T.S. Eliot, Dante, and the European Tradition: An International Symposium
January 19th - 25th , 2008
  Promoted by:
Romualdo Del Bianco Foundation
Palazzo Coppini Via del Giglio, 10
50123 – Florence (Italy)

info@fondazione-delbianco.org

Author : Dr. SIMTEN GURAC

Impossible Body, Invisible Pain: The Waste Land From Dante to Eliot

One of the significant features of punishment in Dante’s Inferno is its collective nature. Dante’s Hell is full of fellow-sufferers. Furthermore, this infernal place is a spectacle –at least for Dante who is an observing visitor in Hell. In other words, in Dante pain is physical and visible.
Dante’s Inferno has a strong presence in Eliot’s The Waste Land. Unlike the sufferers in Dante’s Inferno, however, the sufferings of the speaker(s) in The Waste Land are essentially psychological and remain invisible. Unlike the inhabitants of Dante’s Inferno who suffer collectively, the speaker(s) in The Waste Land suffer singly. In The Waste Land, Eliot undertakes a meticulous and detailed translation of the physical torments suffered by Dante’s lost souls into the psychological agonies experienced by the alienated subject of Modernity.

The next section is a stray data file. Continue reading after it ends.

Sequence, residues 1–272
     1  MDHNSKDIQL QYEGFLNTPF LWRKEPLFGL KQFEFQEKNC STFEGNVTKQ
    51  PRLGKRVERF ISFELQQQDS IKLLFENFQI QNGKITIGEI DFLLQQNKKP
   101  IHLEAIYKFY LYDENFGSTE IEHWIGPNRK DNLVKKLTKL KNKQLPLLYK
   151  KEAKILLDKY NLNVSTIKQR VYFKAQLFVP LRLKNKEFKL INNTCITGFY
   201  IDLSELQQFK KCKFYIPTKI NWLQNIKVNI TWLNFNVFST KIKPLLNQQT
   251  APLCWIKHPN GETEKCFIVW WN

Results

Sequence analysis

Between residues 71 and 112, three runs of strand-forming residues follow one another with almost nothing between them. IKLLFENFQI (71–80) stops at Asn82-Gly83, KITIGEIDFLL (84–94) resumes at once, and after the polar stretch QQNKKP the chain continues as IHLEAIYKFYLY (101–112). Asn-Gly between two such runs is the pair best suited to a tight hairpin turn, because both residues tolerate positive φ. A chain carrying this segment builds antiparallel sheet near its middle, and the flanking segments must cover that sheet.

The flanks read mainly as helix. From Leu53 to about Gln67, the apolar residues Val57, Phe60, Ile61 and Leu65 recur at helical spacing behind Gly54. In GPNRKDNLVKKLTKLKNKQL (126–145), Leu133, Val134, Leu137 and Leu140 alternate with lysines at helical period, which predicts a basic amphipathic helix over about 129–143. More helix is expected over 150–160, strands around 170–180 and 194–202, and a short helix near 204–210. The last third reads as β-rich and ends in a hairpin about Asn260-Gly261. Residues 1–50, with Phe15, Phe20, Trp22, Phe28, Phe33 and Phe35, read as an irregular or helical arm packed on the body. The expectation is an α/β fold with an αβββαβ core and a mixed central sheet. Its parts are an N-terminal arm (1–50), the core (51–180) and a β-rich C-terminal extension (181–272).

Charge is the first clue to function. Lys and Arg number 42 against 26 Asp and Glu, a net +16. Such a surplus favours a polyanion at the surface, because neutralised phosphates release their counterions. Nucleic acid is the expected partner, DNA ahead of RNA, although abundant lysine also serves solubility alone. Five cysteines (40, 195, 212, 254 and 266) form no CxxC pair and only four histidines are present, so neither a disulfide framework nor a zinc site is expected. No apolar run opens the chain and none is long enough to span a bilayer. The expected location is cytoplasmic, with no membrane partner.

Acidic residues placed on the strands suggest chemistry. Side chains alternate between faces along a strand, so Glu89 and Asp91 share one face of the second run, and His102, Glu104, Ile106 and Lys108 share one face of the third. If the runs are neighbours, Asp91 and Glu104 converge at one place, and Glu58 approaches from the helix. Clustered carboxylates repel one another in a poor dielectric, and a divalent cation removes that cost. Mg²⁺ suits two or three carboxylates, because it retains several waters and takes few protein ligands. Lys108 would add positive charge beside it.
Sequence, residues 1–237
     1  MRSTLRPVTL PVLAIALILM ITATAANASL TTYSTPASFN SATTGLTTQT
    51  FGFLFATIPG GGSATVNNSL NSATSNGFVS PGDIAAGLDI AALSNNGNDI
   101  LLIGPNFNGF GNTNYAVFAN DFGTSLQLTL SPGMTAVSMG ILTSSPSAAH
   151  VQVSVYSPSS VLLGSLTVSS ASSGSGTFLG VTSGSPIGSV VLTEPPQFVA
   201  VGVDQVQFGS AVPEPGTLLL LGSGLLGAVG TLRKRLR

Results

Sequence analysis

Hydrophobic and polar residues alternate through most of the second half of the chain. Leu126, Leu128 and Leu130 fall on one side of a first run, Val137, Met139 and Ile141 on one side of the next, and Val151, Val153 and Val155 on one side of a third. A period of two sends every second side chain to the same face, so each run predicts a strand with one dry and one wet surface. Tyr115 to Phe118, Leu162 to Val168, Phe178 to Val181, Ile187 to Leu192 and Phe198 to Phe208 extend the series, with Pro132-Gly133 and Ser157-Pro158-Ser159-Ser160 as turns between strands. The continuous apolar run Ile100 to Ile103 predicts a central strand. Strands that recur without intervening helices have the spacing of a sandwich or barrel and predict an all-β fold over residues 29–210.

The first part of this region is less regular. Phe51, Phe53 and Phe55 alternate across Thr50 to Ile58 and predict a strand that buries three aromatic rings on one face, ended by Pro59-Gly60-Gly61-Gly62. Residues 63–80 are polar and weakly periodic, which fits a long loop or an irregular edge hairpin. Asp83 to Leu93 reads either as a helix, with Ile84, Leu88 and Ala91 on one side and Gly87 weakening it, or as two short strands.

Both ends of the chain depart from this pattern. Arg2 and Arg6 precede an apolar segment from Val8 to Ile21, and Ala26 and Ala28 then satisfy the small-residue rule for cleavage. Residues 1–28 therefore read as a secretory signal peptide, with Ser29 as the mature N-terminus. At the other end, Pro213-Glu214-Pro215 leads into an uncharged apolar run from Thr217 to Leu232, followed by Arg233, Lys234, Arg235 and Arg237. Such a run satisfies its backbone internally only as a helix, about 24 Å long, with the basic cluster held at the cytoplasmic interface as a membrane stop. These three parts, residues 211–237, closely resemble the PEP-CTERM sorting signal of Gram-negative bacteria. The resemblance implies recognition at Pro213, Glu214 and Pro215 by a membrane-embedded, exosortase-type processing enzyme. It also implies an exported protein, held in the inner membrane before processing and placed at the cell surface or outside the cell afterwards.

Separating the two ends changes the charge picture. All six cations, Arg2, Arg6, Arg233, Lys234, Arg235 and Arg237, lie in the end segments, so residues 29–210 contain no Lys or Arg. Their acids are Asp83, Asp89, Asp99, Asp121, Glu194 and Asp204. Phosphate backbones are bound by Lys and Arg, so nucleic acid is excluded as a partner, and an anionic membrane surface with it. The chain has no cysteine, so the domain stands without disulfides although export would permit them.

For your symposium, I would like to propose that Eliot uses Dante’s physical, visible and collective Hell to introduce the psychic, invisible and private inferno of the modern subject. I will argue that, in fact, in Eliot the translation of suffering from the physical to the psychological plane is itself a form of damnation.

Simten Gurac
Lehigh University
Department of English
35 Sayre Drive, Drown Hall
Bethlehem, PA 18015
Sig3@lehigh.edu


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